Ultimately, I realize that there is no easy solution for the suffering we face in life. The irrational nature of much of the pain we endure only proves this reality. In the realm of our mind, it’s easy to dwell amongst idealized constructs and solutions. It’s second-nature to imagine the clean and perfect version of a scenario. However, there is a discrepancy between the reality in our mind and the one around us. This cognitive dissonance marks the commencement of suffering. In actuality, life is messy. Imperfection and failure are inevitabilities.

All of this tells me that on some level, I will never be able to please everyone. It’s an even laughable prospect now. There will always be a small part of me that feels stretched, or pressured by outside obligations. This is life, and my grace in the face of such shortcomings influences my ability to be happy. Accepting imperfection and the promise of future suffering enables me to find the ever-elusive balance I need to be at peace. I hope that anyone who relates to this plight can find some shred of understanding in my shared insights.

What Is the Self? Part 1

A common interpretation of many spiritual practices is the transcendence of Self, or rising above one’s identity. This is reflected most prominently in eastern religious traditions, and to a lesser extent, in those of the west. Throughout the ages, much about this subject has been watered down or misinterpreted. The modern pseudo-spiritual approach has taken the concept of No-Self and warped it into a method for simultaneous depersonalization and innocuous egoism. Getting back to the root and original intent of these ancient teachings can help dispel this benign confusion.

Buddha taught that the Self is an aggregate of five skandhas, or the particular mental factors that give rise to one’s cravings and attachments. They include form, sensation, perception, mental formations, and consciousness. Together these factors comprise the foundation of one’s personality. In Theravada Buddhism, suffering is shown to arise when one clings or becomes attached to these aggregates. In Mahayana tradition, the nature of the skandhas is entirely empty of independent existence. A side note: In Blavatskian Theosophy, it is possible to conflate this teaching with the “Seven Principles” of the monad.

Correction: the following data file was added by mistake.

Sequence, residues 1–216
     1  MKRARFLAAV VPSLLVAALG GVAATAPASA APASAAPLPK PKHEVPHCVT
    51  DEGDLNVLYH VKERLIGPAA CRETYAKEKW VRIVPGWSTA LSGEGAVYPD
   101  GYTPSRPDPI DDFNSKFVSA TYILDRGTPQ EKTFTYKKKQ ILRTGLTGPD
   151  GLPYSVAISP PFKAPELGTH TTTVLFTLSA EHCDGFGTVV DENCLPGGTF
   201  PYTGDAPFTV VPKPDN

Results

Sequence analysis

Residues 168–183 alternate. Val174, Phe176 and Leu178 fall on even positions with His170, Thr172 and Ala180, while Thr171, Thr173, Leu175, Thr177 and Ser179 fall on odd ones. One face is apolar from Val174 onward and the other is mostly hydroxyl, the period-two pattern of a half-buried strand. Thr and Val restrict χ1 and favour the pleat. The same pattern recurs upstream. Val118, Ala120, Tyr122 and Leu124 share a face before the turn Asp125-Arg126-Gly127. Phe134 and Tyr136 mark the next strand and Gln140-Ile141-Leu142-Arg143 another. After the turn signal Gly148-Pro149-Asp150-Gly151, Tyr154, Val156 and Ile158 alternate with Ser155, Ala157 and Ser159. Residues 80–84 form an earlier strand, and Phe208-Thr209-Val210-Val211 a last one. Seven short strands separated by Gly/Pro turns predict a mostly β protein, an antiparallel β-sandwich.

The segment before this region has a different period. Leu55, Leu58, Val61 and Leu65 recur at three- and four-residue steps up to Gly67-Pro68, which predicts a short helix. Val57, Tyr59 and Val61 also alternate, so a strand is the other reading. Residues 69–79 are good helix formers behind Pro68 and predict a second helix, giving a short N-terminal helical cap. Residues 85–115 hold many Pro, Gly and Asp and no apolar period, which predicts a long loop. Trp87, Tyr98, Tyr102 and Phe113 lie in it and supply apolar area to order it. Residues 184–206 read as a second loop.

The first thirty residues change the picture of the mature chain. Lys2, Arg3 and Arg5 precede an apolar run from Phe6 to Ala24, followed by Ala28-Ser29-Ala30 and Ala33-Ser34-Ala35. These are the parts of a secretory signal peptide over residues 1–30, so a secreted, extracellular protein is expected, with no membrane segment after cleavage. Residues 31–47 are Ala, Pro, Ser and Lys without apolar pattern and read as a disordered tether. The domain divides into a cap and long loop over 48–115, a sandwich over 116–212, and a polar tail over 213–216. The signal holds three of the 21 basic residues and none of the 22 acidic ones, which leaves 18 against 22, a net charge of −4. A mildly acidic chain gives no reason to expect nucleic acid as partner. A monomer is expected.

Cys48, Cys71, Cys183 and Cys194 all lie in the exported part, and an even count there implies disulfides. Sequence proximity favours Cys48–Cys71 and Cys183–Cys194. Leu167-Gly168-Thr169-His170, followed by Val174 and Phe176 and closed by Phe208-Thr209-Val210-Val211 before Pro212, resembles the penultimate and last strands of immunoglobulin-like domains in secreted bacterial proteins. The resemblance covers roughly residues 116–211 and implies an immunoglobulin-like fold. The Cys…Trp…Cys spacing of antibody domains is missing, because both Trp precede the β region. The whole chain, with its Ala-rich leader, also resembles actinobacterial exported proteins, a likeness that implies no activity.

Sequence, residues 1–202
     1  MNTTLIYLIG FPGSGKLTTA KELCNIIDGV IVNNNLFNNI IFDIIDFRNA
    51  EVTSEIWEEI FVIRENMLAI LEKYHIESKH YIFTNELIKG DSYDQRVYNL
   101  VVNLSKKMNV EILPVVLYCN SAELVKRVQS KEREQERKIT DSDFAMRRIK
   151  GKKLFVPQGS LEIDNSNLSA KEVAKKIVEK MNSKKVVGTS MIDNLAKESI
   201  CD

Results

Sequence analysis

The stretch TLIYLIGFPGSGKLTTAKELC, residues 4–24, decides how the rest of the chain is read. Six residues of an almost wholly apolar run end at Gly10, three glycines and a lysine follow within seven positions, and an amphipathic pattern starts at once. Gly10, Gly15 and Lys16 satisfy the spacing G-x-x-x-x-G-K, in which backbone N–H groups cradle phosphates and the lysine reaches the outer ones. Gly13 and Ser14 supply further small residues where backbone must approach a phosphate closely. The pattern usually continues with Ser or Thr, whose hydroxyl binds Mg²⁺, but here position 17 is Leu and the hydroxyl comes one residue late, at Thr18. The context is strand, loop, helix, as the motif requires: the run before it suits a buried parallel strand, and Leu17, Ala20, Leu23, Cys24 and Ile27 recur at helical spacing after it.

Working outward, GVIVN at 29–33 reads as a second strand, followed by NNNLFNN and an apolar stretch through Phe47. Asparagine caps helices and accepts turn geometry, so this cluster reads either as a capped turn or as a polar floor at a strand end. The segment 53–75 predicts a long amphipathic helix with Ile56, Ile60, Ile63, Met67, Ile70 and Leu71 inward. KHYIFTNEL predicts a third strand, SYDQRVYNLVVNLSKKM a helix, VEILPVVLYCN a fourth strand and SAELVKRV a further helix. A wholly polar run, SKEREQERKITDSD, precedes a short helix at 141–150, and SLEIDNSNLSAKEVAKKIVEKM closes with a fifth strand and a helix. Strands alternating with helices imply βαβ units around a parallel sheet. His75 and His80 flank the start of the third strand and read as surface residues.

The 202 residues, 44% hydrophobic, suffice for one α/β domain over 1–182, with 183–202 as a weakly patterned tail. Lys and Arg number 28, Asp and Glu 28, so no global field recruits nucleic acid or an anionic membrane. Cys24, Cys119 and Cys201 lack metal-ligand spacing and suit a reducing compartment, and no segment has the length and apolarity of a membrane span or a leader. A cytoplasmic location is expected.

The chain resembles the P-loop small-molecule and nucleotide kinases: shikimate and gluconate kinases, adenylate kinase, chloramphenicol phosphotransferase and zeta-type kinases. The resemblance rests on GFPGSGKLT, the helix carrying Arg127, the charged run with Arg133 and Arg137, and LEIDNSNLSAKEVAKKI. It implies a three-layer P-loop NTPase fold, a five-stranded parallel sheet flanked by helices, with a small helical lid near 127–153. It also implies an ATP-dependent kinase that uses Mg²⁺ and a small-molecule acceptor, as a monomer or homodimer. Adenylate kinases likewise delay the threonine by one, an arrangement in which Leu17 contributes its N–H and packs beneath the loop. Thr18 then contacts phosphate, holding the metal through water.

The first skandha pertains to our body or physical form. The second, sensation, is primarily made up of physical and emotional feelings. The third skandha, perception, is what can be most accurately defined as cognition or the ability to think. It’s the part of ourselves that recognizes and identifies. The fourth, mental formations, includes our behavioral patterns, conditioned prejudices, and both negative and positive mental states. It manifests as cyclical karma, or the causes and effects of our actions. The fifth and last skandha, consciousness, is pure awareness without conceptualization. It is the bedrock of the Self that knits together our experience of reality.

Something to keep in mind is that, because they are empty, the skandhas are not characteristics that an individual possesses. Beneath the emergent identity of these aggregates, there is only No-Self, which is the True Self. Simply put, the ego, or the individual and autonomous “you,” is a manifested illusion. This doctrine is referred to as Anatta or Anatman in Buddhism. Stripped of greater context, this teaching can be dangerous and easily misconstrued as nihilistic. While our Self is inherently empty, this does not mean we are “soulless.” In my opinion, it simply necessitates a reinvention of the idea of a soul. I will attempt to further develop this idea in Part 2.

Story Beginnings: The Ferryman

In a nearly impeccable display of punctuality, I arrived in front of Mr. Tabor’s office door in exactly one piece. I shook my dusty trench coat, dislodging the larger chunks of rubble and sending them flying to the carpeted floor. Such a pity that trans-dimensional travel had to be underground. I was always in a filthy state these days, rising from the deep with the unholy vengeance I was renowned for. Only it was a literal deep. Such a pity…

Rummaging inside numerous layers of fabric and cloth, I revealed a sickle, glinting malevolently in the artificial light. Budget cuts had forced me to downgrade from the usual scythe, the weapon of choice I was accustomed to. I utterly bemoan the Authority’s attempts to save every nickel and dime. This turbulent economy cannot last forever. Regardless of my discontent, I was prepared to finish the job.